In part 1 of this article we looked at the goals of Marketing Automation and how we can leverage it to generate awareness of our brands. In part 2, now that the prospects are in your funnel you can see how to leverage marketing automation to move them through each buying stage.
Eliciting Consideration and Interest
Now that you’ve captured these prospects in the system and they have received the welcome emails and first follow-up from the event, it is time to drive interest in your product and to sort your prospects into groups so that you can begin tailoring messages to their level of interest and propensity to purchase.
In the follow-up email you offered the prospect an option to visit the company blog, or to download a white paper. You may have also included a link to pricing or features of your product depending on what your sales cycle looks like.
Based on the action the customers took with your follow-up email, you can branch your campaign out, using a lead scoring model to determine who is a good prospect to follow up with. Anyone who clicked on multiple links, and visited multiple pages might be the most likely to convert at this point because their buying signals are the strongest. Using information that is tracked by your system, these leads are sent an offer to signup for a demo or webinar, or even a deal to make a purchase. This could be sent a day or a week after the follow-up email, all configurable and automated by your system. Prospects who visit an online store or sign up for a demo are obviously interested and are moved to a targeted list to convert.
Customers who don’t click any links, or don’t fill out the form/make a purchase might still be interested but just not ready. This branch of prospects should receive more information about your company, another unique use for your products, or even a customer testimonial in a follow-up message. All these options are focused on driving continued interest in your brand, and getting a prospect ready to buy.
But as I said, email isn’t everything. Maybe at this point you also want to send a direct mail piece to these prospects. Anyone who as opened the emails but aren’t moving to the next stage could be targeted to get a glossy catalog, or a coupon deal to drive traffic to your retail store. Your marketing automation tools could manage this list and fulfillment.
Customers who’s actions are expressing interest by either clicking email links, visiting your site directly, downloading materials, but aren’t converting currently have moved into the decision making stage. They are interested, but there is some point of friction keeping them from taking action. It’s time to get serious with these prospects. At this point, its time to get a salesperson involved if you have them in your organization. Marketing Automation allows this to be done automatically once your criteria are met. The follow-up task is generated and assigned to the sales executive and who can follow up with the prospect, and ultimately get the customer to convert.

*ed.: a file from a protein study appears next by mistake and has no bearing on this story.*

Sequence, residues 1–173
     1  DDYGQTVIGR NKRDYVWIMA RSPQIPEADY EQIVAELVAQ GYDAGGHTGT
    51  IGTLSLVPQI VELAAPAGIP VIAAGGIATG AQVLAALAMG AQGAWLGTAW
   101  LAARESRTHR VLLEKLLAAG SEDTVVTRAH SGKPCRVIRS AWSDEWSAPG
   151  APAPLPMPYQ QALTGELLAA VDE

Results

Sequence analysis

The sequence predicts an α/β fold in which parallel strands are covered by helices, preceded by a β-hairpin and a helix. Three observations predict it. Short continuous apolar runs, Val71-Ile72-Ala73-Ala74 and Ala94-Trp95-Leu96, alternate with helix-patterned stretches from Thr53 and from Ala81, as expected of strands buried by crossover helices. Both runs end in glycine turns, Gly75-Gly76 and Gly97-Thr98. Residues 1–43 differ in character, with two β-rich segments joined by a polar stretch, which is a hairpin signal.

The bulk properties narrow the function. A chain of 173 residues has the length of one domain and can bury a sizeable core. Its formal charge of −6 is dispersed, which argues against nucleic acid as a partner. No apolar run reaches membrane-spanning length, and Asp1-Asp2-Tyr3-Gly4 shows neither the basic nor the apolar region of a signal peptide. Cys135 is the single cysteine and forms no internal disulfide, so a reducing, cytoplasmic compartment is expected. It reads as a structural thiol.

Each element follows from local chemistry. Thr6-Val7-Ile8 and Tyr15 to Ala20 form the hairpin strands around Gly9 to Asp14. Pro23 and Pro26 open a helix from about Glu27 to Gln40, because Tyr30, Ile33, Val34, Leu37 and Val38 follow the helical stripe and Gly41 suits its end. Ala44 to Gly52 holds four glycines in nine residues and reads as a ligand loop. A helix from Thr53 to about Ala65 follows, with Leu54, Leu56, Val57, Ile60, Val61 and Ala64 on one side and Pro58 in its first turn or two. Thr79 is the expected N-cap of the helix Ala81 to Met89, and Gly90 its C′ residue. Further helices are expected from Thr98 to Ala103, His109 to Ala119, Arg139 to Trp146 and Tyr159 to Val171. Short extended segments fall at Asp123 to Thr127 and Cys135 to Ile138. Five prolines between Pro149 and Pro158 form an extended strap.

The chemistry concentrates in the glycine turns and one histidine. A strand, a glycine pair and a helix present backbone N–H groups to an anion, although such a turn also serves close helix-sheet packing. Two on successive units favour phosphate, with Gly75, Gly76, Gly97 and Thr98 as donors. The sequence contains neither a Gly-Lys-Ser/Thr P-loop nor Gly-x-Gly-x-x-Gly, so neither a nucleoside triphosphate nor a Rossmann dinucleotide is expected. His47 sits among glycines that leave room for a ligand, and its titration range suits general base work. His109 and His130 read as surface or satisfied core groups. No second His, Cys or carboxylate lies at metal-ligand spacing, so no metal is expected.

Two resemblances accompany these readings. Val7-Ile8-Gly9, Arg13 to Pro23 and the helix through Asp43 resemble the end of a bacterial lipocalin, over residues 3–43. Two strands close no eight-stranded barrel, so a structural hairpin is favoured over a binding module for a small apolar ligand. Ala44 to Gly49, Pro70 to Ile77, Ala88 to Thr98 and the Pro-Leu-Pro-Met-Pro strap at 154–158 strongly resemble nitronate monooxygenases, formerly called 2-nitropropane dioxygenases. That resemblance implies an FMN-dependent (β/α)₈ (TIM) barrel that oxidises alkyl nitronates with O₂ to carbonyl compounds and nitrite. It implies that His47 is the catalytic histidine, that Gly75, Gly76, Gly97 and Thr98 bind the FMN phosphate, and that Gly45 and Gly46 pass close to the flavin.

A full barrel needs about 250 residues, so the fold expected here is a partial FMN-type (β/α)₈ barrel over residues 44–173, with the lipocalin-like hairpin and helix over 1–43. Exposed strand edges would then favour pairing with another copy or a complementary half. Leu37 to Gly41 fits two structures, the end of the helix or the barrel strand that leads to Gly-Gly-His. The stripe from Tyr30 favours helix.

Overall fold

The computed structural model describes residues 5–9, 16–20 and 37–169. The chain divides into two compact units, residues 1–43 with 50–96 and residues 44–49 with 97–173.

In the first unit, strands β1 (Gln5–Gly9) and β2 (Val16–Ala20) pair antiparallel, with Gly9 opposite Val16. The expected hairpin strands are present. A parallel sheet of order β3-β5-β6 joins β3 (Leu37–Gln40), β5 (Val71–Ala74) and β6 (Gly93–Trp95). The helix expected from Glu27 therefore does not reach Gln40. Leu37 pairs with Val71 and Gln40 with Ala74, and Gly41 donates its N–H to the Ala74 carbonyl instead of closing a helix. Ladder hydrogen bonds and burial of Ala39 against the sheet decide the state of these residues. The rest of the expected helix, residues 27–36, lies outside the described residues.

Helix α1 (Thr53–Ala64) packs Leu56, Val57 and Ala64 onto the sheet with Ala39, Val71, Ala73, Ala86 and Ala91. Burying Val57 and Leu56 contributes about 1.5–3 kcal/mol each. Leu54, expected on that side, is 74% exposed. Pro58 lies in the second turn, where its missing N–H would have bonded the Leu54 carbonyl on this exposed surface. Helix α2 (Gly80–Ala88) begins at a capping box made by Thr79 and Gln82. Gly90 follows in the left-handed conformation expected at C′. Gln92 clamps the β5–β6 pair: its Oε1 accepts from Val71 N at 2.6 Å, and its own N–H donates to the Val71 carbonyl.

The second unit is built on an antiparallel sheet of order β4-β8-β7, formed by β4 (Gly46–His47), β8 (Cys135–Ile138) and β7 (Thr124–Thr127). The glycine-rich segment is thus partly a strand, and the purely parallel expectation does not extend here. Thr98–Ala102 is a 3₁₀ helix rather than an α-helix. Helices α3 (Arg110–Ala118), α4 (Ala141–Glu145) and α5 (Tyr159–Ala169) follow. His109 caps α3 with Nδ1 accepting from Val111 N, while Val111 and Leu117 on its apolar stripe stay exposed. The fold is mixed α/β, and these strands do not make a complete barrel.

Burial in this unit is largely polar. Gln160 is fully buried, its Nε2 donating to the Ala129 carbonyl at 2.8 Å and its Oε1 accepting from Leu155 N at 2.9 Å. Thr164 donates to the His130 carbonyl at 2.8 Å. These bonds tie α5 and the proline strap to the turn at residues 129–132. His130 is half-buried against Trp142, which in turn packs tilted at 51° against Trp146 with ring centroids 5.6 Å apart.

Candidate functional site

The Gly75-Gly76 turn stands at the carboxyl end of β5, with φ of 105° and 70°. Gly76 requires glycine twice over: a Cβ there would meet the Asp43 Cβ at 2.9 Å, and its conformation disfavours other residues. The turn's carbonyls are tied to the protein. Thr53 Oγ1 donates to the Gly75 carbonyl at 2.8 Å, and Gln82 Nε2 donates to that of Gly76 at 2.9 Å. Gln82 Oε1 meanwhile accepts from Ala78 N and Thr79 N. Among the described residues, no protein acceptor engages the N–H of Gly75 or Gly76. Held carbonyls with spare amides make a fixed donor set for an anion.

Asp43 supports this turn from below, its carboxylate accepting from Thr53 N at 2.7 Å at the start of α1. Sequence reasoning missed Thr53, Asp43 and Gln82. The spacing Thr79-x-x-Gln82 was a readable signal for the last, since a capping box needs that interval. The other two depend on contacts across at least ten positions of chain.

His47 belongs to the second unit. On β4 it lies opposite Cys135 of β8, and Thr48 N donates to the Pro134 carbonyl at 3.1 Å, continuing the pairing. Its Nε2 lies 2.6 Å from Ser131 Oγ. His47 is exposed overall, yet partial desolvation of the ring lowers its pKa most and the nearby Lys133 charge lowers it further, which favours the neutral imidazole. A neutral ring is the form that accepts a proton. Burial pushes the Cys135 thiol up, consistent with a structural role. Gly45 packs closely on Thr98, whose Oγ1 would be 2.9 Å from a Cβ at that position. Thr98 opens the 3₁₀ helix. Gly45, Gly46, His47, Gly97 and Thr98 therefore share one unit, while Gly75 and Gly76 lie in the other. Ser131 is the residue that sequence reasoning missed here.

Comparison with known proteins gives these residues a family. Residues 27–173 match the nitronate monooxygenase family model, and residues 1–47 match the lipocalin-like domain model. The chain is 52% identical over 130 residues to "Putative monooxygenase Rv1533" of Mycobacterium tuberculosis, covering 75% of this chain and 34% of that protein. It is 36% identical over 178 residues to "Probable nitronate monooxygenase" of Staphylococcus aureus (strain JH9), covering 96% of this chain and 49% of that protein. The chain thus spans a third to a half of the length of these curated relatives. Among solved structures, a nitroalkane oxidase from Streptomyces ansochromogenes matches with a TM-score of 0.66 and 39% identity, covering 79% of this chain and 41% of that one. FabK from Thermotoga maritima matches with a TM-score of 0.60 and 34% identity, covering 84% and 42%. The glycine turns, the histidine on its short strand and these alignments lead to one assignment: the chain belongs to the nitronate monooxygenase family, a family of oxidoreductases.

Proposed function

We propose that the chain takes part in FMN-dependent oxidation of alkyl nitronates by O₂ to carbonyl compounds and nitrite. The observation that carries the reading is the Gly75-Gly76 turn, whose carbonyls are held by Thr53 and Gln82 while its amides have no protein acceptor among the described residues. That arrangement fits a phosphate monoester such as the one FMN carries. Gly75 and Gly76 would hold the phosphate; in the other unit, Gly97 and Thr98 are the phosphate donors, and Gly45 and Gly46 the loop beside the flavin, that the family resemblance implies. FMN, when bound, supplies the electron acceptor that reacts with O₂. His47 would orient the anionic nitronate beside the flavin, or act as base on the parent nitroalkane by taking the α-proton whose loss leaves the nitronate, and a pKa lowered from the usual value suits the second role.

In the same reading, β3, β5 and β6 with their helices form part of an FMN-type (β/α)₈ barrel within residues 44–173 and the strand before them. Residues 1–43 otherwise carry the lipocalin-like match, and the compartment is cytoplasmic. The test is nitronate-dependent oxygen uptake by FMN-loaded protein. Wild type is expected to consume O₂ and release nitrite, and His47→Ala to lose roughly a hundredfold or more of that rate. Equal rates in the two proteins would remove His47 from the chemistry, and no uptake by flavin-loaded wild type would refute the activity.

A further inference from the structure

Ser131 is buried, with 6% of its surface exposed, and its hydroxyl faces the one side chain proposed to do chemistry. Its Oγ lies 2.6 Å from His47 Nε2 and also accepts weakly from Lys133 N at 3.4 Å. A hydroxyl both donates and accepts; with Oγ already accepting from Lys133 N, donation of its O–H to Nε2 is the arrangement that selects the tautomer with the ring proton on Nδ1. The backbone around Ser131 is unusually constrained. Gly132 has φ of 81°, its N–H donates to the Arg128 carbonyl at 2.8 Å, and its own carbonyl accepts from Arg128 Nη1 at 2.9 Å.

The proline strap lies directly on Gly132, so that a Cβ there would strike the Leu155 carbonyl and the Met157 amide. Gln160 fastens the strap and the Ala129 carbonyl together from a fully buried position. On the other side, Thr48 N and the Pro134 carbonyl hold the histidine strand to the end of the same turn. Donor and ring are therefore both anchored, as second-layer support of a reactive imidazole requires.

Other prospects who have stopped clicking links, or may just read the emails but not take any action aren’t ready to make a decision and would just feel bothered by a salesperson calling them. It’s time to split them off into a list of prospects that have show awareness but don’t have distinct interest. Maybe you’ll send them your quarterly newsletter, and a few other major announcements. Until they start raising their hand and expressing interest again, let the system automate these customer and keep them in the loop. This frees up the sales executives time to focus on the best customers, while not letting potential future customers fall away completely.
Converting to a customer
Whether a prospect becomes a customer on his or her own, or through the help of a sales professional. It is important to attribute this conversion to the original campaign and source that drove them to your business so that you can track the return on investment of your marketing. It’s also time to take the customer out of the sales cycle so that they don’t continue to receive sales messages. Instead, they should be moved to your customer focused campaigns which make sure they are receiving the level of quality and service you expect, as well as showing them additional items they could purchase to compliment what they already have.
This is just one example of a way to setup your marketing funnel using marketing automation. The power in Marketing Automation is about the process that takes a customer through the journey, and when you think about all the actions that you would have to take manually to achieve the same level of marketing it becomes clear why this buzzword is picking up steam.
RBA will be hosting a marketing automation event at our Minneapolis office on May 7th from 3-5pm. Microsoft Dynamics Marketing is coming and this is your chance to get an up-close sneak peek of this exciting new marketing solution. Two product experts will be on hand to showcase the solution and talk through how it might impact your marketing department. Zack Wenthe, RBA National Marketing Strategist, and Matt Zoccola Microsoft Marketing Specialist, will host this exciting event. Come out and see this new product and get some fresh insights into the future of marketing operations.
Download the invite: RBA Dynamics Event
Zack Wenthe (@zwenthe) is a Marketing Strategist for RBA focused on helping marketing departments operate smarter and more efficiently.